As much as I love wildlife documentaries on television, I always get queasy when they focus on predators like lions and hyenas. I love learning about the life cycle and behavior of these amazing creatures, but I have a difficult time watching as one beautiful animal catches and tears apart another beautiful animal.

Yet it’s not just on TV that I watch this happen. It happens all the time around my bird feeders in my backyard, too.

We often think of bird feeding as a hobby that benefits the birds. And it is. But some of the birds that it benefits are hawks that feed on other birds. That’s because some hawks have discovered that active bird feeders — with their unnatural abundance of wildlife — are an easy place to find a snack.

Occasionally when I glance out the window at my feeders to see who is about, there is an unusual scarcity of birds. And the birds that are visible often look like miniature statues, frozen in place for long minutes at a time. It’s during these tense moments that I know a hawk is nearby.

It’s usually a Cooper’s hawk, whose narrow wings and long tail enable it to maneuver quickly through the forest and capture fast-moving prey like songbirds. And their affinity for small birds is why they appear at bird feeders so often.

Glancing out my back window last week, I saw a burst of motion out of the corner of my eye. Appearing as if out of nowhere, a Cooper’s hawk swooped over the roof and dove at my feeders like a stealth bomber. In that brief moment, the congregating songbirds were forced to make a life or death decision – should I fly away and hope to outrun the intruder, or should I freeze in place and hope it doesn’t see me.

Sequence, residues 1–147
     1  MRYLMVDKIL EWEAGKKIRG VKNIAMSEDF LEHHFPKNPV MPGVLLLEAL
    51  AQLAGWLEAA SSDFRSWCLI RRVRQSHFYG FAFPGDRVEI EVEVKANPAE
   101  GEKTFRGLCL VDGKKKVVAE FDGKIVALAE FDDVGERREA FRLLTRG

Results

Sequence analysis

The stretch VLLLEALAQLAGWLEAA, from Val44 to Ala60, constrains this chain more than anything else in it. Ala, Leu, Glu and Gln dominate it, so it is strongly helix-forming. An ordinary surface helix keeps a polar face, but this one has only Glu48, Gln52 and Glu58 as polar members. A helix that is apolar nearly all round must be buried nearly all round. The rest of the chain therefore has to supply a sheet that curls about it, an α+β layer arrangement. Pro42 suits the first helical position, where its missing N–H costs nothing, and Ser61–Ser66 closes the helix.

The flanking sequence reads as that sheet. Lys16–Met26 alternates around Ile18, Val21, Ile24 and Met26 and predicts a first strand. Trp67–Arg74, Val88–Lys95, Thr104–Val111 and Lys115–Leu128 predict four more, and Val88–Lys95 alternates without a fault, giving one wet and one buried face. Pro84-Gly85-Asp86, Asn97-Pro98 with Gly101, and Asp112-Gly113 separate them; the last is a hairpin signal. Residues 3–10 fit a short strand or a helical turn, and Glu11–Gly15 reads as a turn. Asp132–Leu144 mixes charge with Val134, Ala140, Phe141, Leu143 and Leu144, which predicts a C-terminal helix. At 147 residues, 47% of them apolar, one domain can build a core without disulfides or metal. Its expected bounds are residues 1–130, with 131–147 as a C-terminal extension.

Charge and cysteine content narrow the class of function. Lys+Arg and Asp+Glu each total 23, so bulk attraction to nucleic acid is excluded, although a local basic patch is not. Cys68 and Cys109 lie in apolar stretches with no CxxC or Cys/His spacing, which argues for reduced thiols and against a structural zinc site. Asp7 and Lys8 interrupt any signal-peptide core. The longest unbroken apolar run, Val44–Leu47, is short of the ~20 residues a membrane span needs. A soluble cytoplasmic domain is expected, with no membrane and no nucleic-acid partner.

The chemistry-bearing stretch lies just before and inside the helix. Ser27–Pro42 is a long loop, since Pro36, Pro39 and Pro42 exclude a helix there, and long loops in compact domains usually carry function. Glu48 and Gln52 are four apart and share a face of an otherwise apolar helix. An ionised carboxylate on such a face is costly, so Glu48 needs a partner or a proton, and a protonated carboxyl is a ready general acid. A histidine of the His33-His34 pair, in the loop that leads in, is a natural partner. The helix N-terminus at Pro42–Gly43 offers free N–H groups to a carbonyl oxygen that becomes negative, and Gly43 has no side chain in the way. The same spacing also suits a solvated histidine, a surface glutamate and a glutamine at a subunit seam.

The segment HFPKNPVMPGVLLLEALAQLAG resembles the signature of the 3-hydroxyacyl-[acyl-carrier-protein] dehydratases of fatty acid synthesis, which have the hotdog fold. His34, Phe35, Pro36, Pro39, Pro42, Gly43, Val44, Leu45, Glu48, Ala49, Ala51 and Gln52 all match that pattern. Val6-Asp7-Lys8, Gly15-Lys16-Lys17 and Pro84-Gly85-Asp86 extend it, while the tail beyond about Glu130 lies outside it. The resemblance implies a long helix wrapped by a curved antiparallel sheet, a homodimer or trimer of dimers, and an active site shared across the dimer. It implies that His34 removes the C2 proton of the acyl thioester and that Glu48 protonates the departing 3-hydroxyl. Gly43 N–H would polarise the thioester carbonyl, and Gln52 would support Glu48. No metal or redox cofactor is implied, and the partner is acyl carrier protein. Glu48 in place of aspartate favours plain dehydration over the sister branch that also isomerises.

Those that froze made the better decision. A male nuthatch stopped in its tracks on the trunk of a maple tree, head pointed downward like he was about to tumble to the ground. A like-minded downy woodpecker was perfectly positioned on the underside of a branch and out of view of the marauding hawk. And a tufted titmouse appeared to me to be in full view but was ignored or unnoticed by the hawk.

The rest of the birds that had been at the feeders took off in a storm of feathers and alarm calls, probably hoping that the hawk was homing in on one of the others. A flock of goldfinches at the thistle feeder flew away en masse to confuse the hawk in a tornado of yellow and black bodies. But one goldfinch reacted just a little slower than the others. That’s the bird the hawk targeted, and that’s the bird the hawk ate for breakfast.

I know that many people are uneasy when a hawk is seen around their feeders, and they want to discourage the predators from visiting. But hawks have to eat too, and they play an important role in the food chain by consuming the ill and injured. So it’s better if we simply appreciate the opportunity to get a close-up look at wildlife doing what wildlife does. Like when we watch those public television documentaries.

It was about 10 minutes before the nuthatch and the woodpecker and the titmouse felt safe enough to move again. And soon after, the goldfinch flock returned to the thistle feeder. To them, it was just another day. 

Naturalist Todd McLeish has been writing about wildlife and the environment for more than 25 years.